4. Wait. She didn’t successfully resist arrest? She didn’t just run away because she was afraid of the police and told not to trust police? The police detained an unarmed young person who’s going to graduate from college? Did she have to post bail or is she out on no cash bail? Shouldn’t someone from the School of Social Work have been dispatched to defuse the situation? Isn’t it a micro-aggression to be asked for identification?

  5. The short answer is No, it should not ruin her life.

    However, I would not frame this issue in terms of the Golden Rule, because people would say, “well, I would never say such a thing and, if I did, I would deserve to be pilloried in the town square, and have an R branded onto my forehead.” The Golden Rule tries to force you to think about others in ways you would think about yourself; this is not always helpful because people often think too well of themselves.

    The better way to think about this issue would be in terms of proportionality, as it takes one emotional subjectivity out of the equation (hopefully). She acted awfully; she said awful things; her actions were criminal; she should be punished; she should be embarrassed; she should apologize (at the very least to the victim, perhaps others).

    But, at the end of the day, this is a drunk college student engaged in what my state would likely classify as a handful of misdemeanors. Absent the racial slurs, some race hustlers could have played up the race dynamic if there was money to be made. With the racial slurs, it got wider publicity even though, really, this is an insignificant incident of little note outside of the local news.

    Unfortunately, the internet and social media have no concept of proportionality. I looked this piece up on Facebook and there are some people who have vowed, in essence, to stalk her for the rest of her life so that this incident is never forgotten, as if Sophia Rosing is some kind of Nazi refugee hiding out in Argentina. One person compared this incident to the shooting of Breonna Taylor though, apart from both of them being in Kentucky, I fail to see any kind of valid analogy to be made between these incidents.

    -Jut

  6. She’s screwed. A video recording of her calling a black peer a nigger and then resisting arrest and assaulting the police is on the internet, which never forgets. Either one would make me nervous about having her as an employee.
    I think she can forget about anything that involves speaking.
    She could become a truck driver.

  7. Has anyone seen The Green Knight?

    I think it was one of the best movies from this last year. There are a lot of morals about honesty, and honor.. “What it takes to be a knight”. But I think one of the low key morals that people don’t understand from the movie is the idea of mortal sin. People here might call it signature significance. Ken White might call it the rule of goats.

    There are some things that someone does, where regardless of their intentions, regardless of the context, regardless of how hard they work to better themselves, regardless of how successful they are in that endeavor, stain for life.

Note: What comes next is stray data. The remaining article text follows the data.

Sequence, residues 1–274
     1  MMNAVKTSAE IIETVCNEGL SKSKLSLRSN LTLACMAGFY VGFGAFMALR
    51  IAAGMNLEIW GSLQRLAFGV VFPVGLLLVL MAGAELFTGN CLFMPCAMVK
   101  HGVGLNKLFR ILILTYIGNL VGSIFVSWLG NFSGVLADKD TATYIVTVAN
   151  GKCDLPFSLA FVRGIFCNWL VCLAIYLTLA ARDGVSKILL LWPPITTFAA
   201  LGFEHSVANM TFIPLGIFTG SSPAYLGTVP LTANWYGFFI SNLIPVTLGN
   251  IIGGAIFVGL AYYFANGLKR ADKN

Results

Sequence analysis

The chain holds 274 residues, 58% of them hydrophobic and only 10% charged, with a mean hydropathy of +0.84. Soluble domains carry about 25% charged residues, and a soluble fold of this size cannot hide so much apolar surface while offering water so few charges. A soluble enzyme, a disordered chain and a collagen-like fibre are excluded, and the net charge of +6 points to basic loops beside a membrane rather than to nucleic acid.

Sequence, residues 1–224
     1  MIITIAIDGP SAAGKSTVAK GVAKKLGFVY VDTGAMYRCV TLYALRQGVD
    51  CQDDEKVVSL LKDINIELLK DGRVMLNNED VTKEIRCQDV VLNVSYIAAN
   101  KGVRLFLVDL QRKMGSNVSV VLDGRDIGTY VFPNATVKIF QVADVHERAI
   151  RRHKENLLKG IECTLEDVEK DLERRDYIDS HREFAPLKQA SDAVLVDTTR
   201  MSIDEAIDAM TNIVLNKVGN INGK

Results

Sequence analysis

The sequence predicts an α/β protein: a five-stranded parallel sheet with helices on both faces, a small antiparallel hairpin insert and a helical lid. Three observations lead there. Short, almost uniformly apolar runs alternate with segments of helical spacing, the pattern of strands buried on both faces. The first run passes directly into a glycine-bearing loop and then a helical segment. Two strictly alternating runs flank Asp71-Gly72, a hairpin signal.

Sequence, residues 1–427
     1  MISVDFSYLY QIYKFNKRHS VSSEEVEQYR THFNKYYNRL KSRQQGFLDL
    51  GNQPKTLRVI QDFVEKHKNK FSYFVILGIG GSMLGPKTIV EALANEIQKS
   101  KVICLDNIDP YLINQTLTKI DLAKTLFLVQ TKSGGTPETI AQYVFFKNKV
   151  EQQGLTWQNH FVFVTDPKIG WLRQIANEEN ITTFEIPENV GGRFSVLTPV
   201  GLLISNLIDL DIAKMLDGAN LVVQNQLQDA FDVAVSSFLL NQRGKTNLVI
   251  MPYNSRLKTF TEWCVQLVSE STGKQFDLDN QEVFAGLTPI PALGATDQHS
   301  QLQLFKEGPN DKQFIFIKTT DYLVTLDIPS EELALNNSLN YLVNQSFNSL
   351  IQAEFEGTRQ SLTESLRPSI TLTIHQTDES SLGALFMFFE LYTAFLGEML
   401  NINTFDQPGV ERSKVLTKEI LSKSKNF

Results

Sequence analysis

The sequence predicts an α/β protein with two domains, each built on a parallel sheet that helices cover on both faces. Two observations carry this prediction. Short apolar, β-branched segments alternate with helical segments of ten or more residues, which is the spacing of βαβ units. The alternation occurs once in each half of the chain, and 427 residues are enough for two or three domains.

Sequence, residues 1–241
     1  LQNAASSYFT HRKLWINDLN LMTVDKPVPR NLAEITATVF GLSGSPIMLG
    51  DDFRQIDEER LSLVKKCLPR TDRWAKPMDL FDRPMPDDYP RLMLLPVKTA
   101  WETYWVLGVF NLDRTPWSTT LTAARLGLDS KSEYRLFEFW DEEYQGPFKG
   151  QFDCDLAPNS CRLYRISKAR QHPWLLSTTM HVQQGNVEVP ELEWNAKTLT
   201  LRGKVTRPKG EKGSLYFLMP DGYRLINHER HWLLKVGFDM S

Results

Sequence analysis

As an obvious example: If you cut off your arm and throw it into a woodchipper, it doesn’t matter how young you were, how drunk you were, whether cutting your arm off saved someone’s life, or how great a prosthetic you replace it with, your arm is gone, and it’s never coming back.

    As a very spoilery example (Spoiler alert, obviously… Spoiler Spoiler Spoiler) – If you challenge a supernatural being who can’t die to a head-chopping version of roshambo, it doesn’t matter how hard you run, how hard you work, or how honorable you become, after you accept the contest and chop his head off… He’s going to chop yours off next.

  8. The ethical thing would be for her to be subject to whatever written rules the university had in place at the time (presumably they’re nearly as egregious as her behavior, given the modern university), and be charged with battery (which she was, etc…) and let it run that way.

    It’s unethical for the student on the receiving end to demand the university do anything not in accordance with it’s rule set.

    Inmates running the asylum and university administrators allowing it is what begat the lunacy we see on lots of campuses today.

    Dillards gotta do what Dillards gotta do, can’t blame them.

    In 6 months, nobody will care (given the frenetic pace of news cycles, etc), but I don’t think she’s getting out of the charges, and they’re probably not going to plead it down, so those will follow her longer than the “media scrum”.

    It’s an ugly world out there.

  9. I agree with Dillard’s terminating their contract with Ms. Rosing. Having an employee yelling nigger on film is damaging to the brand. I disagree with the University of Kentucky expelling her. She paid for an education, and unless there is a clause that all students have to sign stating that they’ll never be caught uttering racial epithets, she should be allowed to finish her degree.

    If Ms. Rosing does not take steps to address her alcoholism, I would say that this incident should haunt her for life. If she does work to fix this issue, she should be given a second chance.